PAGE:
ourselves to Kaş.Halil and Gül
had plans for our day. Gül has a
spanking new passport and Greek visa and asked me to accompany her on her
first-ever trip out of Turkey. She and Halil can’t go together until the
restaurant closes for the season.
And with Gül away for the day, Halil asked Curt, who had already been there to
make juice during the final days of Bayram, to help in the restaurant.
The adventure out of Turkey meant we would take the
ferry for the two-mile run to Meis, a Greek island just off Kaş. Not far, but complete with passport
control on both ends and a duty free shop on the island. And a plane to Athens
now and again, and a ferry to Rhodes every Monday morning. Meis (Kastalorizzo
in Greek) is tiny with a sweet sheltered harbor, colorful Greek architecture,
and loads of restaurants because there isn’t much else to do there but eat and
drink, and the ferry keeps you there for five or six hours. Truth be told, the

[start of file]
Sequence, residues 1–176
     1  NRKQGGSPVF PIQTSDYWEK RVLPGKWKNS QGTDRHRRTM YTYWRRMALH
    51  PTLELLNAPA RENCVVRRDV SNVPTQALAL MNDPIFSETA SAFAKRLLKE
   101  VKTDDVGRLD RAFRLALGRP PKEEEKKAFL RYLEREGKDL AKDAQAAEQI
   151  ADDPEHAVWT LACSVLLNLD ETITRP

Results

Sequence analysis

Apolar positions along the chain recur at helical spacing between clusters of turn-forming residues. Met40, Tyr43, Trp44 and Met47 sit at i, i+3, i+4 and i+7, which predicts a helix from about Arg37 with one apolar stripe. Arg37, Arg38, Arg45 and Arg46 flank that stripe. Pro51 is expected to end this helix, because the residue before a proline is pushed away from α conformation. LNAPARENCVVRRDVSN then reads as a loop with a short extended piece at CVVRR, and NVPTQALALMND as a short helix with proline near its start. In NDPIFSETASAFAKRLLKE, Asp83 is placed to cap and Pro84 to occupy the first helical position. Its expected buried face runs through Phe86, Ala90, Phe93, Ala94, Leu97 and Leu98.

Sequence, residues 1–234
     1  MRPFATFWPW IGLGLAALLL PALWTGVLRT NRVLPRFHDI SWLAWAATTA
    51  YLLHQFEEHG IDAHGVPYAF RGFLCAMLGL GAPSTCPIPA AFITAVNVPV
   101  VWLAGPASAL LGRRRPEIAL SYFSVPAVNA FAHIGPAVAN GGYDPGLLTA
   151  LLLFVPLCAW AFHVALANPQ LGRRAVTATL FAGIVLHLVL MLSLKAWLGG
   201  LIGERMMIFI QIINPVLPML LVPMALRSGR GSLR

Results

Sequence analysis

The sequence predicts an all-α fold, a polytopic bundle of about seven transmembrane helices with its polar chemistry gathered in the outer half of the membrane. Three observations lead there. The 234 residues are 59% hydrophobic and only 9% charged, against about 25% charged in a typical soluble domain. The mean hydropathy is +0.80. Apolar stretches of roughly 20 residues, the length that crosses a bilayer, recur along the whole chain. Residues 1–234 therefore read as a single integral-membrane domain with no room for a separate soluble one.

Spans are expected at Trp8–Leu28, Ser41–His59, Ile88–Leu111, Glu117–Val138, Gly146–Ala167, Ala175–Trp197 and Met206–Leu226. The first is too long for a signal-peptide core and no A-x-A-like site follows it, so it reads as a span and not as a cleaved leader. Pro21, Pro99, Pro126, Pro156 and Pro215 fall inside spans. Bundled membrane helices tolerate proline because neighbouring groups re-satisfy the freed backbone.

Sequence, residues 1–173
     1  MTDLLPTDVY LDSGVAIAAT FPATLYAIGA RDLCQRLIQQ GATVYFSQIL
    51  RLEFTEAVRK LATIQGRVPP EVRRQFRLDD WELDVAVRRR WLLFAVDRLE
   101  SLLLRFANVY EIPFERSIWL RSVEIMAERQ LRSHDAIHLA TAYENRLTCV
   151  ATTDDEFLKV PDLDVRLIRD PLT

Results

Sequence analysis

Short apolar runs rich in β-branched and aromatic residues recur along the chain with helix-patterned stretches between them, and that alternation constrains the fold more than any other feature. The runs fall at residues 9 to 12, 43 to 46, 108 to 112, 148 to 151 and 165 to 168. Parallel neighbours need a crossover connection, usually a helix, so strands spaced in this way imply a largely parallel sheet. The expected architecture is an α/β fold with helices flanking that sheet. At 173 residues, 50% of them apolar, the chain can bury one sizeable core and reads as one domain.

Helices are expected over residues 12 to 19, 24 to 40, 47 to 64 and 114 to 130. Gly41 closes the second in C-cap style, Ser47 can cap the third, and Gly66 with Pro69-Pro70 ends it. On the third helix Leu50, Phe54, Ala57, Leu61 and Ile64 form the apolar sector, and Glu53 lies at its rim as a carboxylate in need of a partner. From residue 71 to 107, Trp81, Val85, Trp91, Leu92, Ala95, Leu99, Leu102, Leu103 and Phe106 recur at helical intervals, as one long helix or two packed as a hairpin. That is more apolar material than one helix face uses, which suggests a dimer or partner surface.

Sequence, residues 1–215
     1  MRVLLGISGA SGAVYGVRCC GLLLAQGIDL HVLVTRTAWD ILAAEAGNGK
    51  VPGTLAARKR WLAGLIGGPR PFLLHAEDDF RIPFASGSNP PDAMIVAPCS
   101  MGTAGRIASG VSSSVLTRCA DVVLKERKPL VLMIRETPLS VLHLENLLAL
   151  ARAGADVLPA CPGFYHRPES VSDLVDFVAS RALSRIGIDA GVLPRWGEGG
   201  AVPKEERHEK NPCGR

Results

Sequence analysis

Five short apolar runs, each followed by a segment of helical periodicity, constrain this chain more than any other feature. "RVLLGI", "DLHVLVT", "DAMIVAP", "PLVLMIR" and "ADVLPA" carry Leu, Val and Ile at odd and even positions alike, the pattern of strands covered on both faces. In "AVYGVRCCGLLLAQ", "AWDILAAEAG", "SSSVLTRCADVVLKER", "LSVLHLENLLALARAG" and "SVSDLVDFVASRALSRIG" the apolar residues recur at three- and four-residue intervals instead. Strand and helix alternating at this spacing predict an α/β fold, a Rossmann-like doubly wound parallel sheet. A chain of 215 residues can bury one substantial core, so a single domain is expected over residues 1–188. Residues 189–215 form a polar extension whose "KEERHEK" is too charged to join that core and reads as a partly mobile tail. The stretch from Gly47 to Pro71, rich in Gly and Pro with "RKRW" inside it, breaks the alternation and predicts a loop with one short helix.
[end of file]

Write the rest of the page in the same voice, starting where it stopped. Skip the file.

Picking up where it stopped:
main reason for the trip was to buy rakı for the restaurant at duty free prices. Two bottles each
allowance. Well worth the price of the ferry ticket. This coming weekend is Turkey's national
day. For one last time in 2013 Kaş will
be packed with holiday makers who tour and shop and dine.
Gül speaks only Turkish. Like Halil she has adopted me as Momi and we’ve done day trips
together before. She was a little nervous to go to another country, one where
people don’t speak Turkish much, and thus I was chosen.
As we entered the harbor Gül thrilled over the bright houses
that look so different from what she knows. After the formalities of
immigration we set off to walk the town. Looked in little shops (very
expensive, we agreed), bought some things Güvenç had asked for, looked around the tiny supermarket where she
marveled over a dark brown round of artisan
bread, and then stopped for a coffee and savored the sharing of a luscious
banana-chocolate crepe. As would prove true most of the day, the vendors
spoke English but not Turkish and I found myself in a brand-new role as Gül’s
translator. Which brought me deep joy, a sense that the investment in learning the Turkish language is well worth it. Gül found the cappuccino extraordinary.
We swapped stories about what we knew of Meis and I learned a new word. “Dedekodu”
(gossip) can be a problem for the tiny community. After a lazy sit in the sun
we wandered on.